• Promote a neutral mouth pH, which supports the oral microbiota
  • Colonize the human mouth to generate healthy bacteria that compete with dangerous mouth bacteria
  • Produce dextranase and urease, which are enzymes that break down plaque
  • Generate bacteriocins, which are bacteria-suppressing antibiotics that inhibit the growth of gum and tooth disease-producing microorganisms.

The two-pronged approach to preventing gum disease supports a healthy, balanced microbiome in the mouth. Microbiota actively fights oral infections while encouraging gum recovery. Taking these two bacteria can help prevent gum disease and enhance general oral and body health.

How do Oral Probiotics Work?

Oral microbiomes have a significant impact on oral health. Typically, gum disease and cavities are caused by specific bacterial species that colonize the tooth and gum’s surface and produce lactic acid by digesting carbohydrates and sugary materials. Several bacteria have been shown to induce gum disease by forming pathogenic plaque at the gum line. Eventually, the pathogenic plaque results in irreparable bone loss. 

Probiotics have been used for years in general medicine to treat inflammatory bowel disease, prevent respiratory tract infections and allergies, and manage vaginal infections. Numerous clinical studies on oral and dental probiotics have shown the effectiveness of oral bacterial species known as microbiomes. It helps lower halitosis, cavities, and signs and symptoms of gum disease.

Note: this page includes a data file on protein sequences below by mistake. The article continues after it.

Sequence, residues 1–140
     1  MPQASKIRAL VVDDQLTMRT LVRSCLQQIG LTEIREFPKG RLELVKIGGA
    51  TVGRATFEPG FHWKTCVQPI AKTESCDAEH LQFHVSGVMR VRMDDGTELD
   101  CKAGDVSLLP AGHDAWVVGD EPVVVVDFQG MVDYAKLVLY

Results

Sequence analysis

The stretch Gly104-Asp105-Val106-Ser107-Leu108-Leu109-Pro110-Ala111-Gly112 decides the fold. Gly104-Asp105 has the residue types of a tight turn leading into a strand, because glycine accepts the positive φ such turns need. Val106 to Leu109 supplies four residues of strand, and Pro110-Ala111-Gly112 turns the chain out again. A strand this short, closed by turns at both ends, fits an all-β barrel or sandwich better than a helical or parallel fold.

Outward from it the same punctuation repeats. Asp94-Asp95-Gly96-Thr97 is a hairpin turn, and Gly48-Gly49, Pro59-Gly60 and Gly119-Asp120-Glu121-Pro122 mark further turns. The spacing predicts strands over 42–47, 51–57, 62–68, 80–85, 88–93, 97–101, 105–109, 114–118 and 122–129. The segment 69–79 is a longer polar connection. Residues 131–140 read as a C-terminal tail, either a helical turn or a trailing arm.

Are there any Side Effects of Dental Probiotics?

Dental probiotics are generally safe. However, HIV/AIDS patients should refrain from taking probiotics because they are filled with microorganisms that might not favor their bodies. Probiotic supplements are also unfavorable to pregnant women, old folks, children, and lactating women. Taking high levels of probiotics is also unsafe for all users.

Consumers should take probiotics as prescribed by their dentists. It is also advisable to consult your doctor before using probiotics, especially if you’re under medication.

The first attempts to modify the oral microbiota with bacteria were made by Shivers and Hillman, who discovered that Streptococcus Sanguis could prevent Actinobacillus Actinomycetemcomitans from growing in gnotobiotic rats. 

In the following years, numerous animal investigations were carried out utilizing Bifidobacterium spp. and Lactobacillus spp. According to this research, administering these oral probiotic microorganisms reduced the prevalence of periodontal disease.

In Conclusion

Gum disease is one of the significant problems experienced by approximately 70% of adults worldwide. If not treated on time, gum disease can result in the loss of teeth and is also associated with an increased risk of severe disorders throughout the body.

One major cause of gum disease is the imbalance in the normal microbial community in the mouth and surrounding areas. Clinical studies have shown that periodontal disease is possible to treat and prevent. They suggest that treatment can be through probiotics.

It has been scientifically proven that oral probiotics can improve dental health outcomes. They have achieved this by reducing the effects of harmful bacteria and pathogens that result in periodontal disease.

The impact of probiotic supplements depends entirely on the oral microbiome’s existence. Users are, however, required to use the supplements for about four weeks for their benefits to start kicking in.

Deborah Jones